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What is normal wear and tear?

On Behalf of | Mar 12, 2024 | Landlord/Tenant

Landlords and tenants sometimes find themselves engaged in disputes over who has to pay for general maintenance and upkeep. 

For instance, a landlord may try to keep a security deposit when a tenant moves out, saying that they need to fix all of the things that were broken during the tenant’s stay. But the tenant may claim that the damage is just normal wear and tear and that they shouldn’t be responsible for it. So what is normal wear and tear and how does it apply?

Minor and expected damage

Normal wear and tear is loosely defined as the type of minor damage that you would expect when someone is living in a space. Examples could include:

  • Scuffs on the baseboards 
  • Chips in the paint 
  • Wear on carpeting in high-traffic areas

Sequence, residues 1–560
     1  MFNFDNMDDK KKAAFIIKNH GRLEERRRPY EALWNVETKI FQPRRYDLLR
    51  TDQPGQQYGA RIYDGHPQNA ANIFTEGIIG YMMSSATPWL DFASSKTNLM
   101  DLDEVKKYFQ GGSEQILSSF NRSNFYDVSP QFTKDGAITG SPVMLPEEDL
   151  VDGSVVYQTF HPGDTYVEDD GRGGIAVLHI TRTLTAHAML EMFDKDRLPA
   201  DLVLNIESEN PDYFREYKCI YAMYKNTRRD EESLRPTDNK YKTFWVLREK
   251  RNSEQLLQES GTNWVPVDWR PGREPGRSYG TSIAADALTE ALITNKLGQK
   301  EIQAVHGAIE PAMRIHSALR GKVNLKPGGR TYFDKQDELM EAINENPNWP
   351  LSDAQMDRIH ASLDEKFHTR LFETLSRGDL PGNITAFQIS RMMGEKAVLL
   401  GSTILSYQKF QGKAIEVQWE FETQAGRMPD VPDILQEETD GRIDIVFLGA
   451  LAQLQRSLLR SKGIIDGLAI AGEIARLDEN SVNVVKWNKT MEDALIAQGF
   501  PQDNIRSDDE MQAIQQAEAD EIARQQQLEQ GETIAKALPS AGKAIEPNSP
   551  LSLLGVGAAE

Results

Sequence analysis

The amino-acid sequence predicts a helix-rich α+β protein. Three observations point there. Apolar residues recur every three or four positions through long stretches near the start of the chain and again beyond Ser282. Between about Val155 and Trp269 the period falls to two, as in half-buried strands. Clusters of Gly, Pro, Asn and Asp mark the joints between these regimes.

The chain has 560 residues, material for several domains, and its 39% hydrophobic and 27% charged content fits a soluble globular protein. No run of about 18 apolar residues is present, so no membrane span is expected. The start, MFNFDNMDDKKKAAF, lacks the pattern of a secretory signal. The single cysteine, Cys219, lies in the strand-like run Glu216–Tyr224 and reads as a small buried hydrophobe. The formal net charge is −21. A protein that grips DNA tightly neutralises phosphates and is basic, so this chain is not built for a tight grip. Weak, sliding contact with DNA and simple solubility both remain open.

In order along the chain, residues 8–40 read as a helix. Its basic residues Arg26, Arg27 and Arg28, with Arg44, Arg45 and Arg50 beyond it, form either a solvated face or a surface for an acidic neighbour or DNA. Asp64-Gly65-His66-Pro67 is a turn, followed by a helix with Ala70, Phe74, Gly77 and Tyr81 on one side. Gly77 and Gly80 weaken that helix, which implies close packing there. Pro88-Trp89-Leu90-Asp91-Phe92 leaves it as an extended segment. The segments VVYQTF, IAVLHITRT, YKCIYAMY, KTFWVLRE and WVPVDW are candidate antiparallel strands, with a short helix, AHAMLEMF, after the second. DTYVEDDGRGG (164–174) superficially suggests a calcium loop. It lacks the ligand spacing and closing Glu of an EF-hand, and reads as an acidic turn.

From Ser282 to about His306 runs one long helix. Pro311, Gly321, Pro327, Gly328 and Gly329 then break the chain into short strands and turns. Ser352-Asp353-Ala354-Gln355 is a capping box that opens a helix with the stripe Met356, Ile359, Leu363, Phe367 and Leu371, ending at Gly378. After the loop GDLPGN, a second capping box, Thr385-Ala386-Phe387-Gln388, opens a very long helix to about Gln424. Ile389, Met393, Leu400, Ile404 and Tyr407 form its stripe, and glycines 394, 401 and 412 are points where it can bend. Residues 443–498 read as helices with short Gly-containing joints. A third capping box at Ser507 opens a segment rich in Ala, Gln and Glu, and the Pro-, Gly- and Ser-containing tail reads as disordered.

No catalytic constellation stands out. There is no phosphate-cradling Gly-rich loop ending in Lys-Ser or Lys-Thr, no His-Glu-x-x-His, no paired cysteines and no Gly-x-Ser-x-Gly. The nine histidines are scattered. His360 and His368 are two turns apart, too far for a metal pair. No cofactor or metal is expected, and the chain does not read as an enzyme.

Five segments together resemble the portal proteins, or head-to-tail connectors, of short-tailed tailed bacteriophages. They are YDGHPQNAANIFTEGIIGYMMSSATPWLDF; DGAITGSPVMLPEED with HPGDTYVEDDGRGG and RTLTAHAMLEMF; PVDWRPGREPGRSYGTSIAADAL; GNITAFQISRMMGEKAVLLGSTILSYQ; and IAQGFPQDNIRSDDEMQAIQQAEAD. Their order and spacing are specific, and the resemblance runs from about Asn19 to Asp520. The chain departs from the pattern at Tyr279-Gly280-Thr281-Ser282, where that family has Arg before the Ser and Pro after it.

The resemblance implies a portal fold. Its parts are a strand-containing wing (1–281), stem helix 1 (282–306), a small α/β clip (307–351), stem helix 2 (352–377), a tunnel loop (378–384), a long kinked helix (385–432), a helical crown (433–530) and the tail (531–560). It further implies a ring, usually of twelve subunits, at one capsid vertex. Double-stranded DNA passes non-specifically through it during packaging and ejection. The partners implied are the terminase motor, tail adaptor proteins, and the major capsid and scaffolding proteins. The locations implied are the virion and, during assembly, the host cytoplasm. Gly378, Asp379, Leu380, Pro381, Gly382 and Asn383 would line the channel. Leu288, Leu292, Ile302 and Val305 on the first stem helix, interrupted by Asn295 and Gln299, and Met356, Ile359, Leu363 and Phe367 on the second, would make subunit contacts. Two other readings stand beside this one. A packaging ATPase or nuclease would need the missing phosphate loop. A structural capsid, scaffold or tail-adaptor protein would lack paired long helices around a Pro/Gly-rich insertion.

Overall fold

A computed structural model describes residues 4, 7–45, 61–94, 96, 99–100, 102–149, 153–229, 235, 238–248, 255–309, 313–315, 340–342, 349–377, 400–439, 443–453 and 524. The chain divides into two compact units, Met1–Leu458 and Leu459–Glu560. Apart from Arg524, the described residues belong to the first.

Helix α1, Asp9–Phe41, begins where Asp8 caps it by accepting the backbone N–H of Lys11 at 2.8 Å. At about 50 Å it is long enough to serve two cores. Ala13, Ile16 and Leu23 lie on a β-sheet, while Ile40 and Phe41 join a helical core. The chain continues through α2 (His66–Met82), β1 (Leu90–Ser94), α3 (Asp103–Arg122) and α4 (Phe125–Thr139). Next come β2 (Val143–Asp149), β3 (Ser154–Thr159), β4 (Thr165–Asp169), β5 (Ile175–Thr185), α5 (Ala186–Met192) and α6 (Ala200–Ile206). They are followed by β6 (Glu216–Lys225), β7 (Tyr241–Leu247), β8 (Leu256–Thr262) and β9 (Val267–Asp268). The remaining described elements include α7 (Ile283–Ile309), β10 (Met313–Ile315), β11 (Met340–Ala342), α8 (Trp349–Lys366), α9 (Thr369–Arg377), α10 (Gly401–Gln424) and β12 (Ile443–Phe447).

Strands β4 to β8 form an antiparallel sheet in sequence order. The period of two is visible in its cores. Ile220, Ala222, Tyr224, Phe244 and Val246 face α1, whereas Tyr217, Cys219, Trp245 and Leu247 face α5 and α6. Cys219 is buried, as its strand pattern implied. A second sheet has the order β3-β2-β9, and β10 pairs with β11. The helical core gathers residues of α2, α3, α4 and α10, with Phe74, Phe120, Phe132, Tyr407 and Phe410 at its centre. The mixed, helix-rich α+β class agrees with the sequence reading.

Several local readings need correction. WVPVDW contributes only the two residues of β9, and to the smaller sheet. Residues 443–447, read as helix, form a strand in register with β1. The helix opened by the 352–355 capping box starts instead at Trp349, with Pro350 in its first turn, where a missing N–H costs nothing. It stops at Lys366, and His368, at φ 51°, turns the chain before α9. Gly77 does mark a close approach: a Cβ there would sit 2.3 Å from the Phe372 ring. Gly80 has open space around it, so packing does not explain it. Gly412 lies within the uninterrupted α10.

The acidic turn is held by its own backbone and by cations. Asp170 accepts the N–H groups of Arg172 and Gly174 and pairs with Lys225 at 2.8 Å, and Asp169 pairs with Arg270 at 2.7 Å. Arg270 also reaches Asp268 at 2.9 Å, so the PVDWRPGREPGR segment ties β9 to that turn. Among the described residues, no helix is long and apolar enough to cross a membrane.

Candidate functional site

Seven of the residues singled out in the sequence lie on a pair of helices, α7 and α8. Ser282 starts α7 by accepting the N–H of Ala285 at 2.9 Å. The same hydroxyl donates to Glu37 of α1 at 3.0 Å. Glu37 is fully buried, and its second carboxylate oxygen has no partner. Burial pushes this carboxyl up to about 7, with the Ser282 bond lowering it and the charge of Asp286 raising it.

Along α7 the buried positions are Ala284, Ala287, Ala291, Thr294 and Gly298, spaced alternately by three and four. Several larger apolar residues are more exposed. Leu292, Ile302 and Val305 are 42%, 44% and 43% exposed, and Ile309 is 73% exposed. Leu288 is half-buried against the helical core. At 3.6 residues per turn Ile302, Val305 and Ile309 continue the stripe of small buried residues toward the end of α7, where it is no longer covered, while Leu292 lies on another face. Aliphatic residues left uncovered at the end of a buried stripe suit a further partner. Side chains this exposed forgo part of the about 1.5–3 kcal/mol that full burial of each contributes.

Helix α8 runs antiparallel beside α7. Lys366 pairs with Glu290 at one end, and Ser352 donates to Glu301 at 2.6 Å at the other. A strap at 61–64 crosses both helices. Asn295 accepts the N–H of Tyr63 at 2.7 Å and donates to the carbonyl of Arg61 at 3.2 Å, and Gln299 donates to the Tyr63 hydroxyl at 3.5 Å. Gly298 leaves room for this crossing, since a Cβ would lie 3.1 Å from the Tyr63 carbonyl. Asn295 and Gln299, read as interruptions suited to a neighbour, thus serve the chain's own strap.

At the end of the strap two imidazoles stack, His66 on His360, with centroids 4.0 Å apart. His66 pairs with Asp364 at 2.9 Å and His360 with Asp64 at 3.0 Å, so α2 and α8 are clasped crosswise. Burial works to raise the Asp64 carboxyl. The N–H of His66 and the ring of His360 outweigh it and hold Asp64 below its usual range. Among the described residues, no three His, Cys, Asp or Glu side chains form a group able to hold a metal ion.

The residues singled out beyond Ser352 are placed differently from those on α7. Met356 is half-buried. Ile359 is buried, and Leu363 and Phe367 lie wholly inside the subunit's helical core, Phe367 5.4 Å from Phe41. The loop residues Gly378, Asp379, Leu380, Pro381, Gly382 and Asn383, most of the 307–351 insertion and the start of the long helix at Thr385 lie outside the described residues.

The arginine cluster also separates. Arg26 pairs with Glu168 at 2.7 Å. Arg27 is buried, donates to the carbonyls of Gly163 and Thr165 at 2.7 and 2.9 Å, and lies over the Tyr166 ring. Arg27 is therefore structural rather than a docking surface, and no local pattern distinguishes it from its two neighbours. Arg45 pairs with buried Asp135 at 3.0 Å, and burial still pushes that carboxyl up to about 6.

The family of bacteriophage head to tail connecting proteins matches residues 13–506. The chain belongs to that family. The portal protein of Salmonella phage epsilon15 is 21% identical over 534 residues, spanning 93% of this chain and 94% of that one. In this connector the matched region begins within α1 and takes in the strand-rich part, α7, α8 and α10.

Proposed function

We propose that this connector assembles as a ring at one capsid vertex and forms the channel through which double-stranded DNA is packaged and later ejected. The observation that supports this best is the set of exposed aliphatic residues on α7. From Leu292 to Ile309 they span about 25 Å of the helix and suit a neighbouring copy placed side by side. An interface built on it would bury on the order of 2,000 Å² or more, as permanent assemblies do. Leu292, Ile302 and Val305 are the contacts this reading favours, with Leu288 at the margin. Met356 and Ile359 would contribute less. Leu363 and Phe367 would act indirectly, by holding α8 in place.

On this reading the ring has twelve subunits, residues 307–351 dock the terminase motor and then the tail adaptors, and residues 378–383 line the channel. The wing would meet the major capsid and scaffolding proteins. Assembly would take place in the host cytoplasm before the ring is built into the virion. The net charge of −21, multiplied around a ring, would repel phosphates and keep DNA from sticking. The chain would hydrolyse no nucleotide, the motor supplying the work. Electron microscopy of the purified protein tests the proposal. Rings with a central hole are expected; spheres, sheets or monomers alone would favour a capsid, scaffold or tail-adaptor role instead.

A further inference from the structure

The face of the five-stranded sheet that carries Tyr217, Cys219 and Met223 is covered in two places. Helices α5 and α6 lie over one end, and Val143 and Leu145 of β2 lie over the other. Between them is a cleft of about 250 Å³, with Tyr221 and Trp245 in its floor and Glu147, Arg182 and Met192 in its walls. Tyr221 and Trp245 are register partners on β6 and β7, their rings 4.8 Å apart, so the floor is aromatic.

• Scratches on wood floors
  • Burned out lightbulbs
  • Loose doorknobs 
  • Minor holes in the wall from hanging pictures

Everything breaks down over time. As the tenant lives in the Home or apartment, little things are going to need to be replaced. This is not necessarily the tenant’s fault and they haven’t done anything wrong. 

So landlords are not supposed to keep a security deposit to pay for these minor issues. It is only intended for more major problems, such as a tenant who leaves an apartment with a broken window or fire and water damage. These are things that go beyond what you would normally expect, and so the landlord may have the right to keep the deposit.

These types of financial issues often lead to disputes. Both sides need to be well aware of their legal options.